Ireland’s co-operative revolution: ‘building a rural civilisation’
The Irish co-op movement promoted economic democracy against the backdrop of sweeping political change that led to independence
Drinagh Co-op in west Cork was founded in 1923 by an enterprising and dedicated group of local farmers, together with the local curate, Fr John Crowley.
Twenty years ago, my grandfather John Durkin, emigrated aged 90 from Dawros, Sligo to join our family in Manchester. A vivid childhood memory I carry is that he cried the day the last cow was sold before he left, thus ending a lifelong involvement in farming. For years after he would regale my sister and I with stories from his agrarian adventures. His trips to and from Achonry Co-operative Creamery provided the setting for many tales - a reminder the journey to deliver fresh milk to the ‘co-op’ punctuated daily rural routines.
Co-operative creameries shaped the households in which both my parents grew up and today their memories of those institutions provide a source of fond nostalgia. But the creamery provided a means of existence too. Milk cheques paid to grandparents in Kerry and Sligo provided a source of income, just as they did in many households across Ireland.
Being from Manchester I was aware of another co-operative movement. There, local co-ops meant high-street grocers, banks, insurance brokers, funeral directors -a whole range of essential services existed under the umbrella of the Co-operative Group. Despite recent troubles the group remains a major part of the UK’s, and Manchester’s, economy.
Raised in a family where an ideal of rural Ireland formed an important part of my identity, the co-op seemingly connected Manchester to Ireland. By researching the history of co-operation I aimed to establish a historical synergy that linked my joint sense of Irish and Mancunian identities.
However, more than a channel of water separated the co-operatives that grew out of England’s industrial revolution and those that emerged out of Ireland’s farms. As I discovered, Irish and British co-operators promoted incompatible visions of what a co-operative society resembled. Indeed, they were vehemently, and sometimes violently, opposed to one another.
If nothing else, my book stands as a testimony that history as a form of therapy is an exercise in futility. Nevertheless, understanding why these differences came about is an important history that deserves to be told.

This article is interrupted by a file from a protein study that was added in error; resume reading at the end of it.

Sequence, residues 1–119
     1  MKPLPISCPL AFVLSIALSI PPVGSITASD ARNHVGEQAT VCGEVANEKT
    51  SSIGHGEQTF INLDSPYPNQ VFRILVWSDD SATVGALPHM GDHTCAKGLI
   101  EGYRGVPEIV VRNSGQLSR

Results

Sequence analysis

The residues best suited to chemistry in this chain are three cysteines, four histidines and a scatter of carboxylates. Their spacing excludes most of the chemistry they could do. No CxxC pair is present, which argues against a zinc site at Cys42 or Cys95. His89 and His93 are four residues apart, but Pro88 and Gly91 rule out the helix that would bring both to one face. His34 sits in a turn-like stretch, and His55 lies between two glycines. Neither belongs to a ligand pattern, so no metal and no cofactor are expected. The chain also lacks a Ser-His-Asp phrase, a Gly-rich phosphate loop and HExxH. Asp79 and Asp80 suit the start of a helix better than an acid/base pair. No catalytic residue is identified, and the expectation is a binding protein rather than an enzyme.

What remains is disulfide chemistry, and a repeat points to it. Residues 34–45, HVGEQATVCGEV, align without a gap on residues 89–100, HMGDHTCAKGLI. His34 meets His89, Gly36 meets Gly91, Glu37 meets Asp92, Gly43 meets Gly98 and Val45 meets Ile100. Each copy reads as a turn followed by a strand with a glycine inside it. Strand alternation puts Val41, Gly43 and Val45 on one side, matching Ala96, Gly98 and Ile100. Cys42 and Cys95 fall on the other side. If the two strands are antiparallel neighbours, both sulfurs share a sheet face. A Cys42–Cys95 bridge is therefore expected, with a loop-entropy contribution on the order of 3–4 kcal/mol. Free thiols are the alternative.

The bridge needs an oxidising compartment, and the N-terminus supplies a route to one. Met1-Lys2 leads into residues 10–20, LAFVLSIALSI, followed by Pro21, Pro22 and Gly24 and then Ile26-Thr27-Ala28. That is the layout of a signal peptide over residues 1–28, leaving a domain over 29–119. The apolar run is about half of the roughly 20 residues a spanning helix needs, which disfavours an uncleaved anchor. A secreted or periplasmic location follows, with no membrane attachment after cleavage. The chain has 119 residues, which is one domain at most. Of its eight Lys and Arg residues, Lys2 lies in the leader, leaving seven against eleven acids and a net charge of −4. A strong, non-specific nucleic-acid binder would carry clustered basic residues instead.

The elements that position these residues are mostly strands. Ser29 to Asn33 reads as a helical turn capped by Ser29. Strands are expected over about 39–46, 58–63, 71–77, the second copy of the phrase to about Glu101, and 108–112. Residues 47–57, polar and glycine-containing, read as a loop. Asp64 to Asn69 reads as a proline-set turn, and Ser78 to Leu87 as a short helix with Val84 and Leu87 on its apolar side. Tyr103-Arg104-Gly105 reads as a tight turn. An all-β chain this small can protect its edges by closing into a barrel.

Civilising Rural Ireland tells the story of a movement that promoted economic democracy against the backdrop of sweeping political change that led to independence. This history of the ‘Co-op’ foregrounds the often controversial efforts to construct a new economy in the countryside. The book recounts an important part of modern Irish history that is at once national and outward-facing, and in which many readers will recall their own familial connections.
Building a Rural Civilisation
The co-operative movement’s emergence at the end of the 19th century radically transformed rural society. The timing of its introduction to the countryside proved fortuitous and born out of necessity. The state of Irish agriculture proved parlous as the Long Depression of the 1870s segued into the social and political fallout of the Land War. Further, the rise of new competitors in Danish dairy farmers provided a source of pessimism for those who identified any future Irish prosperity as dependent on the performance of the agrarian sector.
However, radical ideas grew out of unfavourable circumstances as an unlikely alliance of farmers, artists, landlords, and the occasional Jesuit ushered in a new source of economic expertise - one united by a bold vision to democratise business. As these visionaries promoted a network of co-operative creameries, rural banks, and agricultural supply stores, they aimed at nothing less than the creation of a new economic system - one that drew upon the international precedents of co-operative experiments in Britain, Scandinavia, and Germany.
The innovative and controversial idea behind the movement was that the farmers should directly own their business and means of production. The co-operative structure placed ownership of these businesses directly in the hands of farmers who joined as members with each individual given an equal say in the direction of that business regardless of wealth and status.
And the Irish returned the favour. During the early 20th century other reformers interested in the question of agricultural development, including President Teddy Roosevelt, looked to the Irish movement to understand how co-operatives promoted rural sustainability.